This week, Harley-Davidson revealed the final version of its much-anticipated Livewire motorcycle at the huge EICMA show in Italy. The anticipation isn’t there because riders are eager to buy it – it’s fair to say most Harley owners are highly dubious about such a radical departure by their beloved Motor Company – but because this will be the first production-ready electric motorcycle from a major OEM.
Not only that, but it’s Harley-frickin’-Davidson, if you can believe it. Most pundits would have assumed Honda or Yamaha but no, it’s the company that once tried to trademark the potato-potato sound of its V-twins, famous for misty-eyed, dyed-in-the-leather Americana. There’s no potato-potato with an electric motor, or Dave Mann poster of an electric bike whooshing through to Sturgis.
Harley-haters, of which there are many, will say it’s an act of desperation to try something, anything, that’s new, because traditional baby-boomer owners are dying off and not being replaced. Others, however, will call this a shrewd move, because there’s no doubt that electric bikes will be the norm one day. Like it or not, Harley is getting out ahead of Dead Man’s Curve. After all, the company announced in the summer that it plans to attract two million new riders to its bikes by 2027, and that at least half of its owners by then will live outside the United States. It’s not going to achieve that with just more-of-the-same.
Harley is reinventing itself. Yes, it has to if it’s to stay relevant, but it already has something nobody else has: the Harley-Davidson name and mystique, one of the most recognized in the world, right behind Coca-Cola. According to the presentation of its business plan this year, of all the people it surveyed who showed an interest in buying an electric motorcycle, 45 per cent also had an interest in owning a Harley. They don’t know about leaky shovelheads – they only care about experiencing an envied brand.
All this assumes that electric vehicles are on a relentless charge toward mainstream acceptance, and the massive pushes from much larger car companies like General Motors, Ford, Nissan, Toyota and the like will suck bikes along in their wake. But there’s an issue for motorcycles that’s not really shared with cars, and that’s space for the batteries: an electric car can fill its chassis with heavy batteries and keep them low to the ground for better handling, but a motorcycle is far more limited in its design. The original Teslas could travel much farther than their competition because they just stuffed more batteries into the build and charged twice the money, but there isn’t the physical room on a bike.
Motorcycles need even more efficient technology if they’re to travel a reasonable distance but still look stylish and not break the weigh-scale. The original Livewire concept claimed to travel 100 km on its battery and motor when it was shown to the public in 2014, though that was on the “economy” drive setting; switch to “sport” and the distance dropped almost in half.
Since then, technology has come far: the 2018 Zero SR is rated for 359 km in the city and 270 km in combined city/highway. That probably means 200 km purely on the highway, or 10 full charges for most Canadians to get to Daytona. The range isn’t there yet, but it surely will be.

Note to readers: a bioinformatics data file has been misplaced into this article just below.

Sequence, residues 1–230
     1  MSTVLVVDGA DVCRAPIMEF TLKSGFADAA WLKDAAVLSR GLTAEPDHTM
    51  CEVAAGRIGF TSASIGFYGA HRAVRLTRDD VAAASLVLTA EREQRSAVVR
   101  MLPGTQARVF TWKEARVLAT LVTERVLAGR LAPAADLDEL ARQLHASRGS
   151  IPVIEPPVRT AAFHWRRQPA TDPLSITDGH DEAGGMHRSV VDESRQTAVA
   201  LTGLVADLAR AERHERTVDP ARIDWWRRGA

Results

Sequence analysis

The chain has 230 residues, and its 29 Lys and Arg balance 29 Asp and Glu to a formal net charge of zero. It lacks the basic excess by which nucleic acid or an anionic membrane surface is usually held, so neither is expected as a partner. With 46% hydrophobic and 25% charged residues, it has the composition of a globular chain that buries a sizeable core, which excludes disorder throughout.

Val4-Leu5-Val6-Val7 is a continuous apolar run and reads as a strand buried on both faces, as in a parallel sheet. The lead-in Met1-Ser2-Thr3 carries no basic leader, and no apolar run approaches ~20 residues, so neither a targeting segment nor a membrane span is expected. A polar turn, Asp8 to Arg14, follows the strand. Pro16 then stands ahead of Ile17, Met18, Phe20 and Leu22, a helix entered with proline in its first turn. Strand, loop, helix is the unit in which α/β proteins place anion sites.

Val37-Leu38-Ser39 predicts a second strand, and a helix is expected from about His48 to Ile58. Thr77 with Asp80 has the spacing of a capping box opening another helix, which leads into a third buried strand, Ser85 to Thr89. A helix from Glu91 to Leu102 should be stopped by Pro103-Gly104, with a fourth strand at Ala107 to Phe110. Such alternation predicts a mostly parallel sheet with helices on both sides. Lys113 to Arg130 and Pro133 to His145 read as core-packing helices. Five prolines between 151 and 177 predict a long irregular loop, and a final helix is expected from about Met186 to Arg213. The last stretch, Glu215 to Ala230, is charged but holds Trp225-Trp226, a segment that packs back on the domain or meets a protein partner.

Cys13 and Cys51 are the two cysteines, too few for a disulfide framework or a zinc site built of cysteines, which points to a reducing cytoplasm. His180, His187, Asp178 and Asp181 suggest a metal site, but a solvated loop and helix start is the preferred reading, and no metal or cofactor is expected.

In the meantime, I’m not counting out Harley-Davidson. In fact, I’m really optimistic now for its future, but for all the good looks of the Livewire, it’ll be the ride that counts. Substance over style, every single time, and we’ll all find out soon enough.
“Substance over style, every single time, and we’ll all find out soon enough.” I’d say the past success and current popularity of HD contradicts that statement.
Is this a HD, or is it an amalgamation of the tech and knowledge they pulled out of Mission and Alta before they discarded and let them die on the vine. It’s a shame what happens with companies that interact with HD.
I really liked what Alta was doing, and I hope that their relationship with HD would have allowed them to expand their dealer network into Canada and start to price more competitive with comparable ICE bikes. I would have thought the range anxiety issue would also be less for MX or Enduro. Distances traveled in a day are much less, and you’re usually trailering to the track or trails, so can bring along spare battery (assuming interchangeability) or a generator to top up when you’re not riding.
But as usual with HD, its about selling a (now updating) brand at a premium, and who cares how it actually rides. As long as it has the range to get to your local Timmies and home again, its all good.
I really like it. I can’t imagine what it’ll cost, everything HD manufacture’s is ridiculously priced. Any guesstimates? New model. New tech. Limited production runs due to low demand. If it’s entirely made in North America, I’m guessing $35.000 dollars and they’ll take a loss on it for a while – if it works out.
I don’t think the range will be there anytime soon. Nobody’s making (nor have they, for decades) quantum leaps in battery technology. I’d say at best you might see a doubling in power density in the next 10 years. And then, having discharged it, where do you charge it? Plan your tours around the location of public level-2 charging stations? I remain skeptical that electric general-purpose bikes will take off anytime soon. However, for niche uses, like around the city, scooters, etc, they make sense. I’ve seen various systems proposed now for battery swaps for scooters and such.
Range, price and performance, in that order will determine the success of this bike. I wish them well.